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Identity Brokering

Link social logins and external identity providers with your identity management platform allowing users to login with their preferred identity provider.

Establish a trusted connection between your central identity provider (IdP) and third party identity providers.

By using a central identity brokering service you don't need to develop and establish a trust relationship between each application and each identity provider individually.

What are federated identities?

Federated identity management is an arrangement built upon the trust between two or more domains. Users of these domains are allowed to access applications and services using the same identity. This identity is known as federated identity and the pattern behind this is identity federation.

Compatibility across various IdPs is ensured by using industry standard protocols, such as:

  • OpenID Connect (OIDC): A modern and versatile protocol for secure authentication.
  • SAML2: A widely adopted protocol for secure single sign-on (SSO) in enterprise environments.
  • LDAP: A lightweight protocol for accessing user data directories commonly used in corporate networks.

What is identity brokering?

A service provider that specializes in brokering access control between multiple service providers (also referred to as relying parties) is called an identity broker. Federated identity management is an arrangement that is made between two or more such identity brokers across organizations.

For example, if Google is configured as an identity provider in your organization, the user will get the option to use his Google Account on the Login Screen of ZITADEL. Because Google is registered as a trusted identity provider, the user will be able to login in with the Google account after the user is linked with an existing ZITADEL account (if the user is already registered) or a new one with the claims provided by Google.

Diagram of an identity brokering scheme using a central identity provider that has a trust link to the Google IdP and Entra ID

The schema is a very simplified version, but shows the essential steps for identity brokering

  1. An unauthenticated user wants to use the alpha.com's application.
  2. The application redirects the user to alpha.com's identity provider (IdP).
  3. Based on the user's tenants configuration the IdP presents the configured identity providers, or redirects the user directly to the primary external IdP. The user authenticates with their external identity provider (eg, Entra ID).
  4. After the authentication, the user is redirected back to alpha.com's identity provider. If the user doesn't exist in the IdP the user will be created just-in-time and linked to the external identity provider for future reference.
  5. As with a local authentication, the IdP issues a token to the user that can be used to access the application. The IdP redirects the user, which is now authenticated, eventually to the application.

Is single-sign-on (SSO) the same as identity brokering?

Sometimes single-sign-on (SSO) and login with third party identity providers is used interchangeably. Typically SSO describes an authentication scheme that allows users to log in once at a central identity provider and access service providers (client applications) without to login again.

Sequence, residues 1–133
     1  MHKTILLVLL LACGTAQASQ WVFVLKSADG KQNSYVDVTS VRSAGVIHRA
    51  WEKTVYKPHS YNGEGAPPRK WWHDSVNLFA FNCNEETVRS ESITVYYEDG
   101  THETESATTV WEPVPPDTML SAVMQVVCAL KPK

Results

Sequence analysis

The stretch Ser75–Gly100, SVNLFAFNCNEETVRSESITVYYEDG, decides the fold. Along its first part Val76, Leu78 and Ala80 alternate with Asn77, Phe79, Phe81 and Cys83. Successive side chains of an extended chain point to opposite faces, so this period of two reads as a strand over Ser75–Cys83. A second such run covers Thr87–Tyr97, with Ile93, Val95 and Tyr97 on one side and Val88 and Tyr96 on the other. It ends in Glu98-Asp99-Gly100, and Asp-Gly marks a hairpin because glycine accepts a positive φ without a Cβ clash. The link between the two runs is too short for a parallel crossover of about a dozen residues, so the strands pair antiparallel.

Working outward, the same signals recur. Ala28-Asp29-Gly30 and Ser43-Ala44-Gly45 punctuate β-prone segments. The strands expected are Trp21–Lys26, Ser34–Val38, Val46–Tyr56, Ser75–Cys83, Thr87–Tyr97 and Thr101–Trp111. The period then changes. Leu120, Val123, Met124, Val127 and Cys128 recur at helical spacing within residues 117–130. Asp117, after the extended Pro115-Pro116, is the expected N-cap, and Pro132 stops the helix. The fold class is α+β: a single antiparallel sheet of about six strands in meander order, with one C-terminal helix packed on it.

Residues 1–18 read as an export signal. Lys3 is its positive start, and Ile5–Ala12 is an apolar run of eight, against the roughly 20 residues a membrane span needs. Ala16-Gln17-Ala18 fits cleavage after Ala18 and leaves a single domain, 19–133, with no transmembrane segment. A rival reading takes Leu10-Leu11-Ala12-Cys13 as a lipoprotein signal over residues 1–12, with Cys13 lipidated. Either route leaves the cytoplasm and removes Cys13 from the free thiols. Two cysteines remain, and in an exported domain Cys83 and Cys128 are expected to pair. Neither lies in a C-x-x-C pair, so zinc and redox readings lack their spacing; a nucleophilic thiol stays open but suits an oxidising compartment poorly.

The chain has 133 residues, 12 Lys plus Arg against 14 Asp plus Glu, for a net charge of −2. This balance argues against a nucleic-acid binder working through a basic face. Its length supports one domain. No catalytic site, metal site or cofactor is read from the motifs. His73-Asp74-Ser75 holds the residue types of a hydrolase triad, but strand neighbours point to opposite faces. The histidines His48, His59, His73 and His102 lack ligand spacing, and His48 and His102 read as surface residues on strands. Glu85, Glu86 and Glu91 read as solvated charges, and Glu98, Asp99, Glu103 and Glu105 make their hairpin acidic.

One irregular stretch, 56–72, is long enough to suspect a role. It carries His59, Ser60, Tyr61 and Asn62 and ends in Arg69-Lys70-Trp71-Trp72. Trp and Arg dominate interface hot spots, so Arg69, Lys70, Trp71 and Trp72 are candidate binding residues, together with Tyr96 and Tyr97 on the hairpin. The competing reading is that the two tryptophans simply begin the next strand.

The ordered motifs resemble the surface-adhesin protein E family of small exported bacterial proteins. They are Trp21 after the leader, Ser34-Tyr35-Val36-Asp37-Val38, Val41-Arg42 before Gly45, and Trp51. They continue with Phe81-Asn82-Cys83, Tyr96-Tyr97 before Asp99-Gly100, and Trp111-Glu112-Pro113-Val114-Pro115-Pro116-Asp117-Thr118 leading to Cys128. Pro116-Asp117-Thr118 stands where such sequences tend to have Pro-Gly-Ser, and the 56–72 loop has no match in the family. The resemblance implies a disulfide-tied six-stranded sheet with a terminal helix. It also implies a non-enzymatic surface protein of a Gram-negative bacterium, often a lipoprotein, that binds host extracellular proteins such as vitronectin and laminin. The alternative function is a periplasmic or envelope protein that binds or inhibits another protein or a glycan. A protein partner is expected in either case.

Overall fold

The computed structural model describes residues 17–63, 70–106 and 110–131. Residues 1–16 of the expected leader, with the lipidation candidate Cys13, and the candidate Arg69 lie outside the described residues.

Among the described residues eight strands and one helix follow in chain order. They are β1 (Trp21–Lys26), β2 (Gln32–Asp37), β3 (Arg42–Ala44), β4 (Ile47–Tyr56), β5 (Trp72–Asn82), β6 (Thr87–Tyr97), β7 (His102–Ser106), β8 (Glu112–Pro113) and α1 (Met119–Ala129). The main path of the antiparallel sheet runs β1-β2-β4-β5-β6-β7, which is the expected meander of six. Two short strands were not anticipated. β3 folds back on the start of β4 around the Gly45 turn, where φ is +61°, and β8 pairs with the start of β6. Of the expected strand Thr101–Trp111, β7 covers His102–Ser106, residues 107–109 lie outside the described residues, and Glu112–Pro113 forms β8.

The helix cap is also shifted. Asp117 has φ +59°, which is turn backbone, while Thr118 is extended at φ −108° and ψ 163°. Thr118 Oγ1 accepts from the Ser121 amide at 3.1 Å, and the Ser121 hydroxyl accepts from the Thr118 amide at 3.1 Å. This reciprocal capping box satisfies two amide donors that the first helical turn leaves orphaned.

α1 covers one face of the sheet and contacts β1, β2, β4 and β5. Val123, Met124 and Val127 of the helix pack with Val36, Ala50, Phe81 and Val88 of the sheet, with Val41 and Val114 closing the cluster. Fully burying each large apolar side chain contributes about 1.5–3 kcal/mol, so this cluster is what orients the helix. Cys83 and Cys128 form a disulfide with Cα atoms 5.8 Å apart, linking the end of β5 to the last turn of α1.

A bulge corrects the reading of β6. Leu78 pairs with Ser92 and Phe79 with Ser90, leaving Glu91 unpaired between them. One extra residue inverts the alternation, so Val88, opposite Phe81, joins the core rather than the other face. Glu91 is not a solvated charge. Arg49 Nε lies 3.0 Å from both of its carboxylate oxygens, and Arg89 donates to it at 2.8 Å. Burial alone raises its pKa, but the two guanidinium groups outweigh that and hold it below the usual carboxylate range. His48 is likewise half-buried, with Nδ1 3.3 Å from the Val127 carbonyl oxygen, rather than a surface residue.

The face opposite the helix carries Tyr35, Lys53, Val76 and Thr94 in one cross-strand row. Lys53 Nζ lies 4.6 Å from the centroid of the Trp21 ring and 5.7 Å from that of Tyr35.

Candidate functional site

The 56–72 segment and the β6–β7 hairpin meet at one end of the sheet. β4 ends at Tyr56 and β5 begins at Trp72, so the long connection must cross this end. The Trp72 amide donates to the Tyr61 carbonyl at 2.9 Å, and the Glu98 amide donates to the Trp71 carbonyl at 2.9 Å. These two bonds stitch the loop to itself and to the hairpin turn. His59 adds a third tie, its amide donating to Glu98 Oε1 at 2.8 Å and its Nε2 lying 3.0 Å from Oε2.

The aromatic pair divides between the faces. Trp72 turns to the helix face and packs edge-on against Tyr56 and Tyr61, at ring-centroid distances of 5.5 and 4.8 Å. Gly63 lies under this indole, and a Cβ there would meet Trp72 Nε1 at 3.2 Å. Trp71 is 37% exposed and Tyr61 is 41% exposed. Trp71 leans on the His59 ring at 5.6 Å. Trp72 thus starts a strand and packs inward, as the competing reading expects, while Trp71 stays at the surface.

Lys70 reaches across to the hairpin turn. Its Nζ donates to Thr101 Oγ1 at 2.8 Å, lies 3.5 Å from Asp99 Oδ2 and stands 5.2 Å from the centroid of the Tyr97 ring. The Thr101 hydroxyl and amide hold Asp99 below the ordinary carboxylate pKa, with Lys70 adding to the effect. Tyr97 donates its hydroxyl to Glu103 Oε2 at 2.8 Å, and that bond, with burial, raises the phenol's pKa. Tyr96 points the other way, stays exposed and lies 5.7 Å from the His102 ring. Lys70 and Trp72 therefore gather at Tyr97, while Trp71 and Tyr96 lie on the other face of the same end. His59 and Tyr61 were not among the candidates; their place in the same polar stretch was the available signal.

Identity brokering describes an authentication scheme where users can login with external identity providers that have a established trust with an identity provider which facilitates the authentication for the requested applications.

The connection between the two lies in how SSO can be implemented as part of an identity brokering solution. In such cases, the identity broker uses SSO to enable seamless access across multiple systems, handling the complexities of different authentication protocols and standards behind the scenes. This allows users to log in once and gain access to multiple systems that the broker facilitates.

Multitenancy and identity brokering

In a multi-tenancy application, you want to be able to configure an external identity provider per tenant. For example some organizations might use their EntraID, some other want to login with their OKTA, or Google Workspace.

Using an identity provider with strong multitenancy capabilities such as ZITADEL, you can configure a different set of external identity providers per organization.

Domain discovery ensures that users are redirected to their external identity provider based on their email-address or username. Managers can configure organization domains that are used for domain-based redirection to an external IdP.

Diagram explaining domain discovery

Simplify identity brokering with ZITADEL templates

ZITADEL works with SAML, OpenID Connect, and LDAP external identity providers.

For popular IdPs such as EntraID, Okta, Google, Facebook, and GitHub, ZITADEL offers pre-configured templates. These templates expedite the configuration process, allowing organizations to quickly integrate these providers with minimal effort.

ZITADEL recognizes that specific needs may extend beyond pre-built templates. To address this, ZITADEL provides generic templates that enable connection to virtually any IdP. This ensures maximum flexibility and future-proofs login infrastructure, accommodating future integrations with ease.

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